10.   As Bianchi's deposition was put in the record as an exhibit to Roadway's motion for summary judgment, it was never admitted at trial and can only be examined in the context of waiver, not sufficiency of the evidence.

11.   In fact, the Achilli court never used the word “waiver” or “estoppel.”   Both Achilli (1993) and Early (1983) are First Circuit cases, yet Achilli neither references Early nor discusses the waiver rules set forth therein.

12.   Waiver is more apparent in Bianchi's case than in Early.   In Early there were “no actions or remarks by [the union representative] showing overt hostility or less than conscientious performance of duty.”   Early, 699 F.2d at 559.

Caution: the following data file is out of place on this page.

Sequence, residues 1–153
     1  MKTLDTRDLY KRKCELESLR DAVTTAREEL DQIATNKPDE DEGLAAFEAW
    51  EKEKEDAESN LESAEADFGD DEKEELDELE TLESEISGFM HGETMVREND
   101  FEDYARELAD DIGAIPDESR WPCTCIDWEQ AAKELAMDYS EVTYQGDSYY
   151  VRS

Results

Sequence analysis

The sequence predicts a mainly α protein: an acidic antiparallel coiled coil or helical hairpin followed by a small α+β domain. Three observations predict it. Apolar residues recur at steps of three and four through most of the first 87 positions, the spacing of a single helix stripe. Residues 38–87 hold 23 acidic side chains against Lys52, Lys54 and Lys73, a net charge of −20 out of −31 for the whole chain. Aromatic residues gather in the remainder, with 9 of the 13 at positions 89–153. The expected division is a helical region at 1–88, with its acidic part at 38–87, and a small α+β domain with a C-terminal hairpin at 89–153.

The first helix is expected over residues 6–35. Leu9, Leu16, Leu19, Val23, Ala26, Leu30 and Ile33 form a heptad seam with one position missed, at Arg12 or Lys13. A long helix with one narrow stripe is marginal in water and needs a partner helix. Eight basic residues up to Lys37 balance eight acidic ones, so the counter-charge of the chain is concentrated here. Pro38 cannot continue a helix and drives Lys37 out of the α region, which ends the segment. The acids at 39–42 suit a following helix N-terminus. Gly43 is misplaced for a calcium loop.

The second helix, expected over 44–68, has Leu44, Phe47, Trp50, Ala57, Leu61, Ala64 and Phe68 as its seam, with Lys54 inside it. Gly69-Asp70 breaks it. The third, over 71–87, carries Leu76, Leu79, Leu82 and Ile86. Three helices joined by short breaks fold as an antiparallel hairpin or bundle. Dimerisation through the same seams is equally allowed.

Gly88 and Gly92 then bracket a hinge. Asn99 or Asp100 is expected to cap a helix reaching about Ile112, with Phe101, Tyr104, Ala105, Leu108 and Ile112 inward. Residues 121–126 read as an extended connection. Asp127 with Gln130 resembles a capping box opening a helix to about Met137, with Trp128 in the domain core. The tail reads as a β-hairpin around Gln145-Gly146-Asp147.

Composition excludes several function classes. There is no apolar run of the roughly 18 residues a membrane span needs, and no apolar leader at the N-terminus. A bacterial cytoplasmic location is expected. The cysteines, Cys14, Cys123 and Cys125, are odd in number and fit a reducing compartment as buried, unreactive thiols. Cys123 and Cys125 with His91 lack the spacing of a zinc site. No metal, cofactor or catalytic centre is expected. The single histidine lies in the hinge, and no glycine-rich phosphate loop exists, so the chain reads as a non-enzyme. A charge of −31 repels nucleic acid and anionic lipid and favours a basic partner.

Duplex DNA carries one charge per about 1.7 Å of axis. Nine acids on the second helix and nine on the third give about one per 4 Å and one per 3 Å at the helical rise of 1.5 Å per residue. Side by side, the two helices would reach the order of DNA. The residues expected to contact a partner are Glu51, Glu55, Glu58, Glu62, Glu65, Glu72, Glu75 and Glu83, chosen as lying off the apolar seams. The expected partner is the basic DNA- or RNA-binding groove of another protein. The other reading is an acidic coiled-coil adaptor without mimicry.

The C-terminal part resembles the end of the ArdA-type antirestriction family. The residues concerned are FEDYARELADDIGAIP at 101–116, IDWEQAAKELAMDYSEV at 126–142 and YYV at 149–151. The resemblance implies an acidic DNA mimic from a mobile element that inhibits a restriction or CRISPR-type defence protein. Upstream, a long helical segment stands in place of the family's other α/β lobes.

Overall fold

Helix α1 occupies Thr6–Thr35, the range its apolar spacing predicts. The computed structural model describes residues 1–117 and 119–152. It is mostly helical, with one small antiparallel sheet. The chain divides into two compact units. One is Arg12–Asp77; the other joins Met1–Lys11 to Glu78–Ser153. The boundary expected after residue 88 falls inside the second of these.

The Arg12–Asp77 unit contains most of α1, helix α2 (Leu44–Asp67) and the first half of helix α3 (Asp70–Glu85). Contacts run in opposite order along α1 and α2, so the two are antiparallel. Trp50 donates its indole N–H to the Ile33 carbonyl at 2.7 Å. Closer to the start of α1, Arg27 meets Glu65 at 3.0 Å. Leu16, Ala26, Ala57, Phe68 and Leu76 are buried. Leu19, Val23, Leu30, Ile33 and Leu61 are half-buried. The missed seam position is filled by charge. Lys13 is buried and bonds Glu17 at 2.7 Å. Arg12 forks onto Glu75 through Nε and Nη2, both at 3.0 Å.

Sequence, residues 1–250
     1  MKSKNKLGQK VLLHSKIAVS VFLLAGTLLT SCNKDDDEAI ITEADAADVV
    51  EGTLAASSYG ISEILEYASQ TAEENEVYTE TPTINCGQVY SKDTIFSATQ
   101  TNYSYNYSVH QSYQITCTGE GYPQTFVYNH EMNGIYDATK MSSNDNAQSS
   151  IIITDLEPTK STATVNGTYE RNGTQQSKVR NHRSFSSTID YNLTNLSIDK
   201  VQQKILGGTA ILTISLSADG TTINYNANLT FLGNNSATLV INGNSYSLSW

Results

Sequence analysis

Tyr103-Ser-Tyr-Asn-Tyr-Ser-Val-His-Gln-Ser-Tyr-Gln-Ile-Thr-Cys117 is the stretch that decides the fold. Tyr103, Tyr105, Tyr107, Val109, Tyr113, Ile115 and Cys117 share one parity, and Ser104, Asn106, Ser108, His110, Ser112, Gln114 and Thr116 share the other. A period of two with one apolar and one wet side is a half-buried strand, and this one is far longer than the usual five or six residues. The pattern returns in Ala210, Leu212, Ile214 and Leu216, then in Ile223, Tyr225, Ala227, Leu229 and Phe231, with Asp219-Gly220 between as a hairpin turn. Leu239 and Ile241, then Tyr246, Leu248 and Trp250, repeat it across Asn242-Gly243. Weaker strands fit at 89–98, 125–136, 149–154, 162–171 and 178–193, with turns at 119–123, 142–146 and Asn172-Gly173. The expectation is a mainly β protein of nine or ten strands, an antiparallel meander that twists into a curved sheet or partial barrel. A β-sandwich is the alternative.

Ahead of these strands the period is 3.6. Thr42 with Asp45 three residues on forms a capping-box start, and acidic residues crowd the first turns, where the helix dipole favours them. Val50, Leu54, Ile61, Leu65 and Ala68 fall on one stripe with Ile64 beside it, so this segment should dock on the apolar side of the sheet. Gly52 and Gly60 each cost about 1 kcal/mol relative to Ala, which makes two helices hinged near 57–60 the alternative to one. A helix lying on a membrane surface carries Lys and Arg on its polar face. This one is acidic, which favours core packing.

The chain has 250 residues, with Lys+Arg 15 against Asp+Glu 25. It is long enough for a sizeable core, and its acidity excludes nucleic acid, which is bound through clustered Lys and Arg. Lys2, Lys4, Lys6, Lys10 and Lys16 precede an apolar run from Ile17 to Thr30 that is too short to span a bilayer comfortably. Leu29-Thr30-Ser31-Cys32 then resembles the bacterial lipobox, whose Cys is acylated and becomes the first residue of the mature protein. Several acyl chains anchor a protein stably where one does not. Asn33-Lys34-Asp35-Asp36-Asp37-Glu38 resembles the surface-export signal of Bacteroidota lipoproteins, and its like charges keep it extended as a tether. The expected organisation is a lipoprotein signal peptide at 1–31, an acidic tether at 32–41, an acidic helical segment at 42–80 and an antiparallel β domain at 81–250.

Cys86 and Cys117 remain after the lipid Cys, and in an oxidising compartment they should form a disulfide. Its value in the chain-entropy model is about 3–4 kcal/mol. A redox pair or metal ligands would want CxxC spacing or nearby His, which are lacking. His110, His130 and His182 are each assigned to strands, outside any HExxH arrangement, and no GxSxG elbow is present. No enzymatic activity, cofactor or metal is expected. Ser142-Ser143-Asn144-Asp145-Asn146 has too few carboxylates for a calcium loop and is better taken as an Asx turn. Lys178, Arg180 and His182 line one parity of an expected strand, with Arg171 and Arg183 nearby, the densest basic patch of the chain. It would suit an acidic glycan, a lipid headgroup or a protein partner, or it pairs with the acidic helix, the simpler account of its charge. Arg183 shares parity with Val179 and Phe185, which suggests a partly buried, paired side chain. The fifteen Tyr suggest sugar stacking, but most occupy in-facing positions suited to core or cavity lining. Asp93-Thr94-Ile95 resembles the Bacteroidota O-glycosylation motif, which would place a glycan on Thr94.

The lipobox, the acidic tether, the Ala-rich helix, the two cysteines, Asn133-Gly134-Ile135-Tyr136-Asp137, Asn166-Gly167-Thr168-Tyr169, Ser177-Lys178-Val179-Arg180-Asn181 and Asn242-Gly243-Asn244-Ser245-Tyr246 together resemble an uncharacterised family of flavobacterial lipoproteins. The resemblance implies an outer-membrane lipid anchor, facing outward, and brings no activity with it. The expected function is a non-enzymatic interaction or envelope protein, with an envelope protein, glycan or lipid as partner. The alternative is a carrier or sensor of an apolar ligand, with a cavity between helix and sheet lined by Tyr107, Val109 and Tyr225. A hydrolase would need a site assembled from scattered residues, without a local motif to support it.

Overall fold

13.   When a grievance panel member asked Bianchi if he had presented all of the hearing evidence in his favor, and, if he had been properly represented, he answered yes to both questions.   During cross-examination at trial, Bianchi admitted that this had been a lie, and that he then thought that Marr and a panel member were biased, and dead set against him.   Bianchi testified at trial that he did not raise the issue of bias at the hearing because he did not want to anger the panel.   He testified:  “I figured there is no way they are going to take my job from me.   I figure I would just let it [the bias] go.”